MSI GTX 680 Lightning Review

Author: SKYMTL
Date: August 4, 2012
Product Name: GTX 680 Lightning
Part Number: N680GTX Lightning
Warranty: 3 Years
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Overclocking Results & MSI's AfterBurner

This section has been a long time in the making since we went on a rollercoaster ride of epic proportions while overclocking the Lightning. Let’s start things off by saying that while some cards offer a straightforward overclocking experience where you can drag a few application sliders and leave things be, this one rewards even the smallest change and features an almost infinite number of options for enterprising individuals. You’ll find yourself constantly striving to one-up your latest accomplishment and luckily, MSI’s flagship is more than willing to deliver.

Unfortunately, until recently we were singing a very different tune than what’s presented in this section. The reason for this is quite simple: MSI’s AfterBurner software just wasn’t up to the task of keeping up with the GTX 680 Lightning’s abilities or bypass the stringent limitations NVIDIA placed upon their Kepler architecture.

For reasons we don’t want to speculate about, NVIDIA has decided to put a cap deep within their BIOS which limits core voltage to 1.175V. Normally, this would be more than enough for anyone but with their advanced cooling solutions and overclocker-oriented marketing, one of the main challenges for any of NVIDIA’s board partners is finding a way past this voltage ceiling. The AfterBurner version that was available when the Lightning first launched couldn’t bypass this so its extra 200% Power Limit adjustment when using the LN2 BIOS simply went to waste. AfterBurner 2.2.3 finally turned this unfortunate situation around.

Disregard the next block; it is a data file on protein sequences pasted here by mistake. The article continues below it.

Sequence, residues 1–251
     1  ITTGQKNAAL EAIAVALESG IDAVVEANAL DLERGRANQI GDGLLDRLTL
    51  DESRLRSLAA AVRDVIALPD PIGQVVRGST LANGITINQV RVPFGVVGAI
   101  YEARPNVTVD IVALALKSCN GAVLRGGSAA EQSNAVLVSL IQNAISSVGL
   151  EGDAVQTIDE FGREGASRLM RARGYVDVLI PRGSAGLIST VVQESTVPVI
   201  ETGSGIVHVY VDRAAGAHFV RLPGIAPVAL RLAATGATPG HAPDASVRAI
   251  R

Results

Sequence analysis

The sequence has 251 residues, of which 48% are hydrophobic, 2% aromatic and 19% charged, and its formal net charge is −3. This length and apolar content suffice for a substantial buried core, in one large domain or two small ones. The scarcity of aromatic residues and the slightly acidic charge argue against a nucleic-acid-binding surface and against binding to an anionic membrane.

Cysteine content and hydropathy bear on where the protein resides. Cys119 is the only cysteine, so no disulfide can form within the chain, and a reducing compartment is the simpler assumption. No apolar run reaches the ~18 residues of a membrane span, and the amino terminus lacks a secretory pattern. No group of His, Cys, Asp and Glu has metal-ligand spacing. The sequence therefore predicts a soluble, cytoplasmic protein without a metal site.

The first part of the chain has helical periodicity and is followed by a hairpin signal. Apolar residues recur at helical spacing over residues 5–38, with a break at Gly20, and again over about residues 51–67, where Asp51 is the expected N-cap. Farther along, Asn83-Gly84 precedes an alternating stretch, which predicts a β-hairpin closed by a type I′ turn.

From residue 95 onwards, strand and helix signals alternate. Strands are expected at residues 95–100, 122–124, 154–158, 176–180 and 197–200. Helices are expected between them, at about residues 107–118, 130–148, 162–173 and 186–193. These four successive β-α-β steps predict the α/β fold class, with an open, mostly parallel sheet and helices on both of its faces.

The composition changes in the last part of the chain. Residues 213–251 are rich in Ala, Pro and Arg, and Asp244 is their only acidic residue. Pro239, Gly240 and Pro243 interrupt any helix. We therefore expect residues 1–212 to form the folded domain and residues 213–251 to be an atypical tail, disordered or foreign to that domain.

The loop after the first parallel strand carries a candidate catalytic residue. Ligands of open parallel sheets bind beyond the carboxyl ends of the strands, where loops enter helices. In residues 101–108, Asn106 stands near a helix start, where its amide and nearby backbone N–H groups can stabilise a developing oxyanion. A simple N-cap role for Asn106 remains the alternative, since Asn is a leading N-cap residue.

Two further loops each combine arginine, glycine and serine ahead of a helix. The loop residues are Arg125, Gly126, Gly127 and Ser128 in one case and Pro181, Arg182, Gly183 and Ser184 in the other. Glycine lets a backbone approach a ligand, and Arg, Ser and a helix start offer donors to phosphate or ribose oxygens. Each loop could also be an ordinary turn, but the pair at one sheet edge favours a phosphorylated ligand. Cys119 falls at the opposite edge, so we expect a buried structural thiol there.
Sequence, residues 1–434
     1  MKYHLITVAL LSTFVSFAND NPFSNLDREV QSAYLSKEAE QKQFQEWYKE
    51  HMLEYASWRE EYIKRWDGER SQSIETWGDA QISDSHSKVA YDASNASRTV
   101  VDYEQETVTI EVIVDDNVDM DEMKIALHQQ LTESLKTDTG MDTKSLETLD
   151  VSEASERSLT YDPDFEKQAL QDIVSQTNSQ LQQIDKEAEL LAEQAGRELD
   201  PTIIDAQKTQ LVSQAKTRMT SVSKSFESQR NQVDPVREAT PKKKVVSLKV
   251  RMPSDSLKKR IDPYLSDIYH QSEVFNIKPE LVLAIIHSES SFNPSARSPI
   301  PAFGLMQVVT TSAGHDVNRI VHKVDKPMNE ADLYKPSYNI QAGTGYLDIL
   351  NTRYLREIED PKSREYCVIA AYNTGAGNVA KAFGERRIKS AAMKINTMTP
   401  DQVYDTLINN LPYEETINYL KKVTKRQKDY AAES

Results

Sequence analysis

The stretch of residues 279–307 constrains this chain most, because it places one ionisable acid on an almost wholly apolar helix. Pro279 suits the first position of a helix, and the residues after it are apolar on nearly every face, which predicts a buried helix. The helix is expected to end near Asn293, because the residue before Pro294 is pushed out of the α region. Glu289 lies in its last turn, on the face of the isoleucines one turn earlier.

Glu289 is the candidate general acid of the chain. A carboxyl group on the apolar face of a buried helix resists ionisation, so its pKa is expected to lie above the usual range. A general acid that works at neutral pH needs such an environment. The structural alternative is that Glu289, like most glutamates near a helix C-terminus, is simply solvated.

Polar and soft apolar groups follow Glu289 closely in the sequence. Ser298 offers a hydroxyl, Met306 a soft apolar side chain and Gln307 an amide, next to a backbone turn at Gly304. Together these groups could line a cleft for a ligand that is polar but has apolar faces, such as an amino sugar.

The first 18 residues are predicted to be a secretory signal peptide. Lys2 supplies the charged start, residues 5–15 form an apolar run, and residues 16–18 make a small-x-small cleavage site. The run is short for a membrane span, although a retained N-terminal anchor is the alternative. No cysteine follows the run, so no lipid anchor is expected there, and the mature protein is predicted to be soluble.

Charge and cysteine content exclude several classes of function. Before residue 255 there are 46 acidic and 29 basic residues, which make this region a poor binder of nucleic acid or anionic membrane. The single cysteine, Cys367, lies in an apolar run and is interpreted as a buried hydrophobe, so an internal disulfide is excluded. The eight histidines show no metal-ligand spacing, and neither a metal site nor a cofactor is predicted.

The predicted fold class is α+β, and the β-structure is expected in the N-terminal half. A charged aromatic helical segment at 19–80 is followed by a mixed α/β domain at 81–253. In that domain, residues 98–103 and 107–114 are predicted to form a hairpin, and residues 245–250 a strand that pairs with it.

With AfterBurner 2.2.3 (pictured above) allowing for an almost infinite number of possibilities, we decided to test overclocking on MSI’s GTX 680 Lightning in two ways. The first will be with the default BIOS paired up with a 1.171V core voltage. The second attempt was with the LN2 BIOS enabled alongside a maxed out Power Limit and a core voltage of 1.325V. All voltages were confirmed with a multimeter rather than software. In both cases, the memory voltage was set to +100mV and the PLL bumped to +50mV. We also disabled the default fan speed profile and set it to 70% which is about as loud as any sane person could stand them. We believe overclocks will go MUCH higher on more exotic forms of cooling but unfortunately, that option wasn’t available to us.

Now, you may notice that the image of the AfterBurner with the LN2 BIOS enabled only shows a +100mV increase, or the same as the default BIOS. Essentially, there is still a 100mV increase (which is quite limiting for overclockers) but the LN2 BIOS has a higher starting load voltage to begin with, hence this is 100mV on top of a “default” voltage of 1.271V.

Anyways, on to the results:

Default BIOS @ 1.171V
Maximum Boost Clock Observed: 1374MHz
Memory Clock: 6.604GHz (QDR)

LN2 BIOS @ 1.325V
Maximum Boost Clock Observed: 1450MHz
Memory Clock: 6.788GHz (QDR)

The results we see above are certainly interesting since in its default configuration, our sample’s core wasn’t able to beat some GTX 680s we’ve tested in the past. 1.374GHz is still VERY impressive but the Lightning doesn’t really shine until switching over to the very capable LN2 BIOS. When that happens, the sky truly is the limit and our 1.45GHz plateau was reached simply because we set 1.325V as the absolute ceiling for our tests when using air cooling.

Memory overclocking was quite good as well with speeds in excess of 6.6GHz being achieved with a minimum of effort. Interestingly enough, the LN2 BIOS allowed these clocks to hit even higher levels, presumably due to the excess overhead granted to the onboard memory controllers.

As you can see below, the end result of all this tweaking was some very, very impressive performance.


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